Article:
Griffin was the youngest paddler to stern the 70 miler when he partnered with his mother for her 70-mile marathon debut in 2013 at just 13 years old and led her through every second of an 11 hour race.
Griffin's love of the Adirondack and canoe racing put him on a collision course to race the Adirondack Classic 90-mile marathon. 2012 was his first finish of three finishes in this race. He said this race was “paddling through a postcard.”
Griffin continued to be an ambassador for the sport he loved even after a back surgery ended his official racing career. He even paddled into the Regatta museum to rescue the race artifacts in the flood of 2011. He continued to teach, encourage, and support paddlers pit crewing for cannonballers, Ausable marathoners, and his voice rang out from river banks wherever racers could be seen.
Griffin both loved and hated high school. He was embraced by many friends, Alan, Brandon, Dina, Owen, Elijah, Wyatt, and Daniel. He inspired and challenged teachers and coaches. And Griffin would not hesitate to tell you he was repulsed by the small mindedness in the classroom, halls, and the bleachers.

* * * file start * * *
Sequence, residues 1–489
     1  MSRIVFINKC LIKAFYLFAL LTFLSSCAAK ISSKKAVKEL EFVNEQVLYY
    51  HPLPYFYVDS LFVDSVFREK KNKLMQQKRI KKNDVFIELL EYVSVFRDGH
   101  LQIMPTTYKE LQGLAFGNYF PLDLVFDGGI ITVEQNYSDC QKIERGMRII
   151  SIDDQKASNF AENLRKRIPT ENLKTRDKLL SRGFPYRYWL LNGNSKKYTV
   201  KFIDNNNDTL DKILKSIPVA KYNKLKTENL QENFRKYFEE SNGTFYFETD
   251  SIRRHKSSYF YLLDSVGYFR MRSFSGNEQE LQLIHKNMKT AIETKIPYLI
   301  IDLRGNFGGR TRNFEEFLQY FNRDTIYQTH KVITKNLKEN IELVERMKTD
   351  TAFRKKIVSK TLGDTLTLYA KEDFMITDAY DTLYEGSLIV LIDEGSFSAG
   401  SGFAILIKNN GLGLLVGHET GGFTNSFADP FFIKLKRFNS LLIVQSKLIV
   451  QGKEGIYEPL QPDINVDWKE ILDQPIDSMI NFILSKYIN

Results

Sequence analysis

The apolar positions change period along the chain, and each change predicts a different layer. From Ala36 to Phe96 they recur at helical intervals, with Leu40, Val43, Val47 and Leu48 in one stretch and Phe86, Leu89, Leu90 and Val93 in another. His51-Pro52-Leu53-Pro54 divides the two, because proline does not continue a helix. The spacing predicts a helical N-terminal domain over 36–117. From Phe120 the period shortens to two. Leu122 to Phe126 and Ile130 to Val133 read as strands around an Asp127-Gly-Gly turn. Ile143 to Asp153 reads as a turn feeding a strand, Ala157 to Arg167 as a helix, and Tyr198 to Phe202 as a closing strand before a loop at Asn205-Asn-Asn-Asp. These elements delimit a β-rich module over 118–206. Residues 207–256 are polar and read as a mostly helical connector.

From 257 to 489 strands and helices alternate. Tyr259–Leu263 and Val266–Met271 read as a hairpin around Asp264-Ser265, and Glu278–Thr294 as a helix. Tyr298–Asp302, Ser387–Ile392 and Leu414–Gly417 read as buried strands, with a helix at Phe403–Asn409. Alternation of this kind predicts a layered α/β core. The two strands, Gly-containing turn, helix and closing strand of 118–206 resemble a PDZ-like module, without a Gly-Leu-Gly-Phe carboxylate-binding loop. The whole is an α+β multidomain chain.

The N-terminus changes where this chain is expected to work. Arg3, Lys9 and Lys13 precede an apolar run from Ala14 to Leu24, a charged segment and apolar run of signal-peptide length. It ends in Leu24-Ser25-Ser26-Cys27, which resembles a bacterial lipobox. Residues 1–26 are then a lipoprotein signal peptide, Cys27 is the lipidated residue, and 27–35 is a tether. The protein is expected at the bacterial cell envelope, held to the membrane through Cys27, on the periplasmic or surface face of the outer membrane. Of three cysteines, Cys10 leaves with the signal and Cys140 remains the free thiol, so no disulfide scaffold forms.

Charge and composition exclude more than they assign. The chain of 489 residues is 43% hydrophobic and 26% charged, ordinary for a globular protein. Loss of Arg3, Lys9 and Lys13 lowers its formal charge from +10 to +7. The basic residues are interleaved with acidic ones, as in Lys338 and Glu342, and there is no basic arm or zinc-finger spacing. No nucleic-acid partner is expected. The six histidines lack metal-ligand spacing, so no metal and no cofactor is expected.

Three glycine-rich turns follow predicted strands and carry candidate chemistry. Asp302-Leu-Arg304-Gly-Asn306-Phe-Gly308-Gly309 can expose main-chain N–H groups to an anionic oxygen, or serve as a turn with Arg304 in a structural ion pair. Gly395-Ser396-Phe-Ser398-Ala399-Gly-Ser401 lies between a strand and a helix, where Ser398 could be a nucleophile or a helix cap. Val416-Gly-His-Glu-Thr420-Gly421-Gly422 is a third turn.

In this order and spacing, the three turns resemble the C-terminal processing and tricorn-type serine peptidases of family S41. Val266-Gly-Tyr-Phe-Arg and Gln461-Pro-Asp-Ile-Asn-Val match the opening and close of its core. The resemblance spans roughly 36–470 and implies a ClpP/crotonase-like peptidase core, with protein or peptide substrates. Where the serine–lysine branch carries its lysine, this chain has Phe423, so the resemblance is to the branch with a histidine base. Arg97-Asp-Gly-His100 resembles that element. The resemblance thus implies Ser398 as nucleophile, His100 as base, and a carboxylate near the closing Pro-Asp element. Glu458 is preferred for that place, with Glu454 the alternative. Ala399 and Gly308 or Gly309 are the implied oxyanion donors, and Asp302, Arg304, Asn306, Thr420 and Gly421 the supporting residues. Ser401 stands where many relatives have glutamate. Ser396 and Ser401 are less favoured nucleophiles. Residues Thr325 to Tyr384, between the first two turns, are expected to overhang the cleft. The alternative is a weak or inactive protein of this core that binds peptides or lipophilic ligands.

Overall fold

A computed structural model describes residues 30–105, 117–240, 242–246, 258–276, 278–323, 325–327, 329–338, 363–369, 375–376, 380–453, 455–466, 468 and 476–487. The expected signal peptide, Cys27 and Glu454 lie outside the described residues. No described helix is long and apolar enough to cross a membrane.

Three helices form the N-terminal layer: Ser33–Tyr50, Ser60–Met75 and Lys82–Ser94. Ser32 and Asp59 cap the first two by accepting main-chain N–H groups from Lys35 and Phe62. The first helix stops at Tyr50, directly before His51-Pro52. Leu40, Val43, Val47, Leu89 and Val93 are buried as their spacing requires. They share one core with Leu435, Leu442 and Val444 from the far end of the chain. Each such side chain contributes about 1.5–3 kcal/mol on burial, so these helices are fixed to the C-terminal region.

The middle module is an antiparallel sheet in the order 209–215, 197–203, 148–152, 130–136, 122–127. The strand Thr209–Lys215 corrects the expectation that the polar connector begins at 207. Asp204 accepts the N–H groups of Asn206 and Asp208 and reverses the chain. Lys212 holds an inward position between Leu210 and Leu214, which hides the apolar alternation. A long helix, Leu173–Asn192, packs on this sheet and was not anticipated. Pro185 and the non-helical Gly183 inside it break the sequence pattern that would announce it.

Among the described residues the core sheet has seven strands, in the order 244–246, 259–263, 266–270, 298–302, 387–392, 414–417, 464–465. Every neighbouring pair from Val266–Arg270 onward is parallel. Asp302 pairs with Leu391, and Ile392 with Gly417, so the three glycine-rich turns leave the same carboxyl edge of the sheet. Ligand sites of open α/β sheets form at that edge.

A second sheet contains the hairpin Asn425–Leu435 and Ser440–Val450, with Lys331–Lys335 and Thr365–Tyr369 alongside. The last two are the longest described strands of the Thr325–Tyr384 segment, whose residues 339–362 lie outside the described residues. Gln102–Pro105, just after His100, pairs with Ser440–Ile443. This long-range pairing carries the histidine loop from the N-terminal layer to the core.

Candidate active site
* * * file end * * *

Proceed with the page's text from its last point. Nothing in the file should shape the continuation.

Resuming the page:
Griffin learned of compromise, but not too much of it, blending his family with Karen, Alexis, and Tristan in his dad's home. He watched the seasons change on Guilford lake while living with his mom.
At the vastness of the ocean, Griffin learned to be right sized while vacationing with Grandpa Jim, Aunt Theresa, and the rest of mom's family in Myrtle Beach.
His Aunt Sue and Uncle Kurt taught him how we are truly eternal by living in a way to honor his namesake Lance Zytka.
Accepted to Emerson College,where he joined his brother in Boston, for intense years of learning both in classrooms, living rooms, and protests on the square.
At Emerson, Griffin found his life partner Andy Caira. With Andy
Griffin found love, creative passion, righteous indignation, and impatience for a better world, now. He also found a third family that embraced him, fed him, and nurtured his need to belong with the Cairas.
Most recently, Griffin made his own family and creative community in Boston and Queens where he lived, painted, danced, played, and laughed with the family of their own creation with Andy, Aiden, and Zoe. Their studio always smelled of paints, their halls filled with music, and their kitchen a place of laughter, revolution, and love.